Reinforcement learning, a major machine learning technique, is increasingly making an impact, producing fruitful results in such areas as gaming, financial markets, autonomous driving, and robotics. But there remain many challenges and opportunities before AI, using such techniques and others, can move beyond solving specific tasks to exhibiting more general intelligence, and we in the research community have a long tradition of relying on the more controlled environments of play as a benchmark for this work.
For the Machine Intelligence and Perception group here at Microsoft Research, our sandbox of choice has been Minecraft. Its complex 3D world and flexibility to create a wide variety of game-play scenarios make it ideal for exploring the potential of artificial intelligence, and the platform we’ve built to do so—Project Malmo—has allowed us to capitalize on these strengths.
In Learning to Play: The Multi-Agent Reinforcement Learning in MalmÖ (MARLÖ) Competition, we invited programmers into this digital world to help tackle multi-agent reinforcement learning. This challenge, the second competition using the Project Malmo platform, tasked participants with designing learning agents capable of collaborating with or competing against other agents to complete tasks across three different games within Minecraft.
The competition—co-hosted by Microsoft, Queen Mary University of London, and CrowdAI—drew strong interest from people and teams worldwide. At the end of the five-month submission period in December, we had 133 participants.
Katja Hofmann, Senior Researcher and research lead of Project Malmo, announced the five competition winners at the Applied Machine Learning Days conference in Lausanne, Switzerland, last month.
And the winners are …
First place was awarded to a team from Bielefeld University’s Cluster of Excellence Center in Cognitive Interactive Technology in Germany.
“What we like about the MARLÖ competition best is that it highlights fundamental problems of general AI, like multitasking behavior in multi-agent 3D environments,” said team supervisor Dr. Andrew Melnik. “The most challenging aspect of the competition was the changes in the appearance of the target objects, as well as environment tilesets and weather and light conditions—rainy and sunny, noon and dawn. It was quite a unique feature of the competition, and we enjoyed tackling the problem.”
With their agent, Melnik and team members Lennart Bramlage and Hendric Voß employed an approach called “MimicStates,” a type of imitation learning in which they exploited a collection of mimic actions from real players performing catching, attacking, and defensive action patterns in different environments.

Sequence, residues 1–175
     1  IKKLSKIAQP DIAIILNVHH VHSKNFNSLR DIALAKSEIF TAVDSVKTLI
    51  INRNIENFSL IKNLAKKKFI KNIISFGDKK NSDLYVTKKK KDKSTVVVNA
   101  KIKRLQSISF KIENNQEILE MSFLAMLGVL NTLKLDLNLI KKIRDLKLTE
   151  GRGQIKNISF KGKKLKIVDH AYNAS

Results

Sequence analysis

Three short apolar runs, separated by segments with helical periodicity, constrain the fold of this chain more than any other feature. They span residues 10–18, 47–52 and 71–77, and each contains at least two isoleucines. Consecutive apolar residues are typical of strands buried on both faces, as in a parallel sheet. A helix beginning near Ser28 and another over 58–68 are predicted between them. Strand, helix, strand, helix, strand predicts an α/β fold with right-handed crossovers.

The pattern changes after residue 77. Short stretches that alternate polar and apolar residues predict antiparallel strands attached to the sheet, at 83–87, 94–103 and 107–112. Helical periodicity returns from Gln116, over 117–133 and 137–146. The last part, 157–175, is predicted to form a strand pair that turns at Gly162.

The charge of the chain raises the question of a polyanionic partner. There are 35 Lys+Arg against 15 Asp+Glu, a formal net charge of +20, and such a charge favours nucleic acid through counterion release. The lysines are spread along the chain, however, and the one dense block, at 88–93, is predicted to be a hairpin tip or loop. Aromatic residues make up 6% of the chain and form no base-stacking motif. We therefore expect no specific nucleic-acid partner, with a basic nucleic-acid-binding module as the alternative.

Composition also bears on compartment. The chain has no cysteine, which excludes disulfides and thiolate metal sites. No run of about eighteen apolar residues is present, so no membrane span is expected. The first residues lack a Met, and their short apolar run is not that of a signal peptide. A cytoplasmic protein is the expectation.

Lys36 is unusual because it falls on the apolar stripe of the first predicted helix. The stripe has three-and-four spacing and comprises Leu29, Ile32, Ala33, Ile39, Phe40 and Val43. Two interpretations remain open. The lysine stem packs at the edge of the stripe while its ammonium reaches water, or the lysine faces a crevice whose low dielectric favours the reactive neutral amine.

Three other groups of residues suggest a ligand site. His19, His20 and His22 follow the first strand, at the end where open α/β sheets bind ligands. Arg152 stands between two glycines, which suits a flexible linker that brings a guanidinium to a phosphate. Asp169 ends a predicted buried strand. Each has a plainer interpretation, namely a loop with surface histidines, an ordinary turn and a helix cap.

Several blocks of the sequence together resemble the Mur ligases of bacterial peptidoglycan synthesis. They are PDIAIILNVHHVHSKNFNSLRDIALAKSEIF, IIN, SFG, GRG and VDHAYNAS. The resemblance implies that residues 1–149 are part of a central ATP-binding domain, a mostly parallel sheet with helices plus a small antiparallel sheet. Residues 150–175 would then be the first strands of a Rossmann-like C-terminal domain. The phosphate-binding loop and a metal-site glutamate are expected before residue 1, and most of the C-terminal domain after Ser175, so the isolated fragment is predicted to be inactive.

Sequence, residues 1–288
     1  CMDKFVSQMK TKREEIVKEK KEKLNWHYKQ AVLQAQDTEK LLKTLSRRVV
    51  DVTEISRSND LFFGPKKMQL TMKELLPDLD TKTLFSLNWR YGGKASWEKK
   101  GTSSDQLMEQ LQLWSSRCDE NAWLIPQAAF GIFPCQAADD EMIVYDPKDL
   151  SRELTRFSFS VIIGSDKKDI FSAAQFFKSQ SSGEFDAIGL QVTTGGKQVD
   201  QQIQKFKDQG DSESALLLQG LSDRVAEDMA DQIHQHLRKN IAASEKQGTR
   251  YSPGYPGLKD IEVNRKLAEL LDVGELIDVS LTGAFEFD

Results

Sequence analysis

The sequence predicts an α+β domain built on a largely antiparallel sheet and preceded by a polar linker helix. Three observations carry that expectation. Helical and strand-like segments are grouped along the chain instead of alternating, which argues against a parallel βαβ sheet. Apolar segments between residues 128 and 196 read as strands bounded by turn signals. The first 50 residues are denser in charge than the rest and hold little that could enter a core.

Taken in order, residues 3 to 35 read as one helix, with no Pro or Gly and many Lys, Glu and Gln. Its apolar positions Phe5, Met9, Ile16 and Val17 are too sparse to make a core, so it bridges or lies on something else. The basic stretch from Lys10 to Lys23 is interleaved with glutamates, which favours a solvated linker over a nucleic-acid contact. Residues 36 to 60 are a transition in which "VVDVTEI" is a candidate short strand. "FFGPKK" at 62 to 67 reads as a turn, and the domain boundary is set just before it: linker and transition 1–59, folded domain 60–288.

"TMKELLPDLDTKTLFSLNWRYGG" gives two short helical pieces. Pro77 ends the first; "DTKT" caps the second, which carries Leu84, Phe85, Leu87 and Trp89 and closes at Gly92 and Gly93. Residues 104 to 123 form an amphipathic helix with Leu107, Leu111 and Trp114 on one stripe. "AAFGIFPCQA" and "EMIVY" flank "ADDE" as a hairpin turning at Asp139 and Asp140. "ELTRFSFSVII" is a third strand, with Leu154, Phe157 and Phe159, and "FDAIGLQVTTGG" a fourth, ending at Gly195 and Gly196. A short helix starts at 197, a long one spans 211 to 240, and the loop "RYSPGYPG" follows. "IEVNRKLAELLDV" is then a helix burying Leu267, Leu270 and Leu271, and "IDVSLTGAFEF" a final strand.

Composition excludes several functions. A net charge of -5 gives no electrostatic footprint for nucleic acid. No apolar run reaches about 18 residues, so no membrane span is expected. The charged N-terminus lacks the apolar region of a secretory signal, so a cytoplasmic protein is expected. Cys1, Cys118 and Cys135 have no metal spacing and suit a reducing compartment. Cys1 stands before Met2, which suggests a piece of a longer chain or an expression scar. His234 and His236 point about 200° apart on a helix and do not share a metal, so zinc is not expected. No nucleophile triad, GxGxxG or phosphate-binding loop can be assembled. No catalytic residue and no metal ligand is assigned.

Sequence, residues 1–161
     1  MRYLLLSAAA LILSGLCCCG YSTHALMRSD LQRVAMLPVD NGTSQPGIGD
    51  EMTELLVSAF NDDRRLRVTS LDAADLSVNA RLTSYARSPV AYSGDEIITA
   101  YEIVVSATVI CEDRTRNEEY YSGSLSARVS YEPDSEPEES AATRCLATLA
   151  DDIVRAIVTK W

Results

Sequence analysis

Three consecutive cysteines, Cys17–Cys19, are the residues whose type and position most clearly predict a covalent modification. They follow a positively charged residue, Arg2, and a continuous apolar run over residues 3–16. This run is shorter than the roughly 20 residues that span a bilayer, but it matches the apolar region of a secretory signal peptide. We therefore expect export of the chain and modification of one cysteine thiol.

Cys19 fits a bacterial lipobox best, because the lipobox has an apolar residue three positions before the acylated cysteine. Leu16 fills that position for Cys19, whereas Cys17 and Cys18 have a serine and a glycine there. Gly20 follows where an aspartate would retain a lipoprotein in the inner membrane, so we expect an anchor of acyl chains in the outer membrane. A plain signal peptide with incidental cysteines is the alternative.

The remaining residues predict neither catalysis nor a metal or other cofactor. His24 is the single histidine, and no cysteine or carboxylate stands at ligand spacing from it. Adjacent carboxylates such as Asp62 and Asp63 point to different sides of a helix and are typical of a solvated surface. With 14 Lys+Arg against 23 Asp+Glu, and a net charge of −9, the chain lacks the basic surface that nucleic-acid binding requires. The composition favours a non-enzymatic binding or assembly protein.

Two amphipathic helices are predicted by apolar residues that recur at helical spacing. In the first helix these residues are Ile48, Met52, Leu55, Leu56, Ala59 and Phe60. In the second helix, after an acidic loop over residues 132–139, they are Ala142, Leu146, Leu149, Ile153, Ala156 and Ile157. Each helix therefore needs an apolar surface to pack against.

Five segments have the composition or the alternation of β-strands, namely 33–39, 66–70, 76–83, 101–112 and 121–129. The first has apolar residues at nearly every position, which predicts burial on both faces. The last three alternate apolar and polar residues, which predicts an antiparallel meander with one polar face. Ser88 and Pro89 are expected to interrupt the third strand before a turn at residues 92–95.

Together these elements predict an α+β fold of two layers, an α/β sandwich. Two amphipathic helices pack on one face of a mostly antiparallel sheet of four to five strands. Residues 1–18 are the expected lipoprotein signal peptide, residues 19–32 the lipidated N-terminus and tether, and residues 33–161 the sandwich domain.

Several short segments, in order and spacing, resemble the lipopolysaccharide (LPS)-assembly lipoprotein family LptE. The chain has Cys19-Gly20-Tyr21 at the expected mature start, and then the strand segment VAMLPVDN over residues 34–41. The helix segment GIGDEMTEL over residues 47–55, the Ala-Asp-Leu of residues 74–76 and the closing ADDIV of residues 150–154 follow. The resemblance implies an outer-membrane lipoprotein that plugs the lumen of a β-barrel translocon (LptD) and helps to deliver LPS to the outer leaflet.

“Leveraging human data is a very promising direction for tackling the hardest AI challenges,” said Hofmann. “The success of this approach suggests that there are many interesting directions to explore. For example, how to best leverage human data to further improve performance.”
The competition’s first runner-up was the New York University team of Rodrigo de Moura Canaan, Michael Cerny Green, and Philip Bontrager, and second runner-up was Linjie Xu from Nanchang University, Jiangxi Province, China. Motoki Omura from The University of Tokyo, Japan, and Timothy Craig Momose, Izumi Karino, and Yuma Suzuki, also from the University of Tokyo, received honorable mention.
From the well-established to the novel
Many competitors used variations of well-established deep reinforcement learning approaches—deep-Q networks (DQN) and proximal policy optimization (PPO) were particularly popular—while others incorporated more recent innovations, including recurrent world models, and even developed novel approaches (“Message-Dropout: An Efficient Training Method for Multi-Agent Deep Reinforcement Learning,” published at the 2019 AAAI Conference on Artificial Intelligence).
For future research and competitions on these tasks, we expect that current approaches could significantly improve through methods combining both the imitation learning techniques used by the winning team and reinforcement learning, benefiting from the prior knowledge of human gameplay and the further fine-tuning of behaviors through reinforcement learning. It is our belief that competitions like MARLÖ will continue to play a key role in innovating in this area.
“Multi-agent reinforcement learning has been picking up traction in the research community over the last couple of years, and what we need right now is a series of ambitious tasks that the community can use to measure our collective progress,” said Sharada Mohanty, a Ph.D. student at École Polytechnique Fédérale de Lausanne, Switzerland, and co-founder of CrowdAI, which co-hosted MARLÖ. “This competition establishes a series of such ambitious tasks that act as good baselines that will catalyze a lot of meaningful progress in multi-agent reinforcement learning over the next few years.”
MARLÖ is part of our ongoing engagement with the multi-agent reinforcement learning community to help further advance general artificial intelligence.
“Generalization across multiple task variants and agents is very hard and nowhere near solved,” said Hofmann. “With the MARLÖ starter kit and competition tasks online, we invite the community to try and tackle this open challenge.”
Try the tutorial, experiment, and keep the conversation going by sending your ideas to email@example.com. We look forward to hearing from you.